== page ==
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Rattan Das and ors. Vs. Darshan Dass and ors. - Court Judgment

LegalCrystal Citation
CourtHimachal Pradesh
Decided On
Case NumberSecond Appeal No. 52 of 1948
Reported inAIR1950HP15
ActsCode of Civil Procedure (CPC) , 1908 - Order 20, Rule 4; ;Limitation Act, 1908 - Schedule - Article 120; ;Punjab Limitation (Custom) Act, 1920
AppellantRattan Das and ors.
RespondentDarshan Dass and ors.
Appellant Advocate Thakur Das, Adv.
Respondent Advocate Amar Chand, Adv.
DispositionAppeal allowed
Cases ReferredGhanendra Roy v. Praful Kumar
- .....suit. in this case the plaintiffs, as members of the joint hindu family, were in possession of the suit property and other joint family property. but when certain member challenged this right of jointness and took exclusive possession of a portion of the joint family property, the plaintiffs came to the court for a declaration that their title to that property should be declared and in consequence thereof they may be put into possession. the trial judge held the plaintiff's suit was in substance for a declaration that the property now held by the descendants of premsukh, janki dass and rattan das (nainsukh having died without male issue) are joint. in someshwar datt v. tribhuban datt, 61 i. a. 224 : a. i. r. (21) 1934 p. c. 130, their lordships of the privy council were disinclined to.....

Bannerji, J.

1. This is an appeal from a judgment and decree of the District Judge, Rampur, dated 18-4-2005 B., affirming a judgment and decree of the Subordinate Judge, Chini, dated 12-7-2003 and thereby dismissing the plaintiffs suit.

2. The suit, in which this appeal hag arisen, was brought by Rattan Das and others, who are the appellants against (1) Darshan Das, (2) Jagar Nath, (3) Jheru, (4) Padam Das and (5) Meo Ram, who are respondents to this appeal. There has been no appearance for the respondents, Padam Das and Meo Ram, in this appeal.

3. The suit was for a declaration that the revenue entries by mutation No. 280 on the basis of an alleged gift of one-fourth share of 44 Khasra numbers measuring 188 bighas and 19 biswas (one hundred and eighty-eight bighas and nineteen biswas) in Chak Karoli be declared not to affect the shares of the members of the joint family, constituting the appellants and respondents.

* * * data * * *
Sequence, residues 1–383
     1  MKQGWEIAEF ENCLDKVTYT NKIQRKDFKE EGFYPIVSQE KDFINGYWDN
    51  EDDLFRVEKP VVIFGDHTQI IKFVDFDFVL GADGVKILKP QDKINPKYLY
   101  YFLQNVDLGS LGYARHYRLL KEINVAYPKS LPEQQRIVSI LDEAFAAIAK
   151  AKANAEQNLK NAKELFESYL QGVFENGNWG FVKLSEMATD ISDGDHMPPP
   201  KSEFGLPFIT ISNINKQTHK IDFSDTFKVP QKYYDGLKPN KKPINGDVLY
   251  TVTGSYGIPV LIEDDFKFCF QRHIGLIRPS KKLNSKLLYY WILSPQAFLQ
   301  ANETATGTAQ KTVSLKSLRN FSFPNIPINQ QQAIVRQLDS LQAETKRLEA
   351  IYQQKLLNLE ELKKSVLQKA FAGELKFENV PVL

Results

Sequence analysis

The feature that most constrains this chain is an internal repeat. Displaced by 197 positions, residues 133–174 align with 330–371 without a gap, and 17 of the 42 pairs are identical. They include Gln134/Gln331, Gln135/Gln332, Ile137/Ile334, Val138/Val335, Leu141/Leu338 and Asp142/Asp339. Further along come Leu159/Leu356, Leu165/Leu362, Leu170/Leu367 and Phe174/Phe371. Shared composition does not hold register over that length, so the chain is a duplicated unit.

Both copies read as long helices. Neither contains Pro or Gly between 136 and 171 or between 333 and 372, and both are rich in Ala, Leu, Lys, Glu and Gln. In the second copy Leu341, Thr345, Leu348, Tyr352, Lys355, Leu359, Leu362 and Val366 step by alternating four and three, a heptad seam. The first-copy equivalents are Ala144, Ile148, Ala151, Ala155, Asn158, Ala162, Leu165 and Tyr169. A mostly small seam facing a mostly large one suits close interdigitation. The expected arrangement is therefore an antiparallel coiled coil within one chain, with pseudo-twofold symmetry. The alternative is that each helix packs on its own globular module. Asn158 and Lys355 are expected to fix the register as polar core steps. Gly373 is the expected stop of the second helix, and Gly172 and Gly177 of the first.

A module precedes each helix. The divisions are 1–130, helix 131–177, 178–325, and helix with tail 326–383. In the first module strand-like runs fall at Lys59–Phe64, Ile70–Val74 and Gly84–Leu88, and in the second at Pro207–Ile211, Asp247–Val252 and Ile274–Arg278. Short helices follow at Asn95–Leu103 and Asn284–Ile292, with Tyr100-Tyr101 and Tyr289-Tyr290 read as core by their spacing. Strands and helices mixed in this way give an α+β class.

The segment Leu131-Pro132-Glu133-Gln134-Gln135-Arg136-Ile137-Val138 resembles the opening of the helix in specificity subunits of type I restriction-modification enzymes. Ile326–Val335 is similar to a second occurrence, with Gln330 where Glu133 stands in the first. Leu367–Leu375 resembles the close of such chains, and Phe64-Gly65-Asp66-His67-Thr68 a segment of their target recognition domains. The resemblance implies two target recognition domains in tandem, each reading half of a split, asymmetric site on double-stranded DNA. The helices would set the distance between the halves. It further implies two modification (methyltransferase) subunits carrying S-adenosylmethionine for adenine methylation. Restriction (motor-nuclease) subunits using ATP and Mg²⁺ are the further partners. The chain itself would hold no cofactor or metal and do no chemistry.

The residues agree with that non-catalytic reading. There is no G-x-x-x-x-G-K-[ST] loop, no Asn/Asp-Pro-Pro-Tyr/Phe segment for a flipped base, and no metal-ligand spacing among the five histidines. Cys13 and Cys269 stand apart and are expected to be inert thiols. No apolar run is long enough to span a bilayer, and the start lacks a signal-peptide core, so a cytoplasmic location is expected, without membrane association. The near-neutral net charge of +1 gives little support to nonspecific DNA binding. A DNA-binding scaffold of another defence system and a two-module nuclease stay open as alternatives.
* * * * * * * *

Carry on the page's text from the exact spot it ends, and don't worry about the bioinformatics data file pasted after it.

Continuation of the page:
4. Nainsukh (who died without a male issue), Premsukh (whose sons are the present appellants), Janki (whose sons are the respondents) and Ram Dayal (whose son and grandsons have not made any appearance in this Court) were four brothers forming a joint Hindu family, Nainsukh and Ram Dayal, each cultivating separate portions of the land for convenience and maintenance and the revenue record showed that each held one quarter share in the family property. Before his death, on 22nd April 1914, the Revenue Authorities recorded an alleged gift made by Nainsukh to his brother, Janki Dass and the consequence was that the share of Janki Dass was recorded to be half in the joint family property. There was no partition or division of the respective shares and the parties continued to live jointly till Har 2002, as alleged by the appellants, when the respondents took exclusive possession of that property Khasra No. 245, which Nainsukh cultivated separately by mutual arrangement between him and other brothers.The respondents alleged that they did so on the strength of the gift mentioned above and recorded in the revenue papers. Upon this, the appellants commenced the present suit.

5. The case for the defendant-respondents was that the gift property was neither ancestral nor joint and that the mutation of one-fourth share of Nainsukh by virtue of gift was recorded on 22nd April 1914 and that the plaintiff-appellants had knowledge of it and therefore, the suit was barred under the provisions of the Punjab Limitation (Custom) Act I [1] of 1920, which has been in force in the State since 1945.

6. The following pedigree will show the relationships of the appellants and the respondents to one another :




| | | |

Nainsukh Janki Premsukh Ram Dayal

| | |

Lachmidas | --------------

| | | |

| | Sunak Ram Padam Das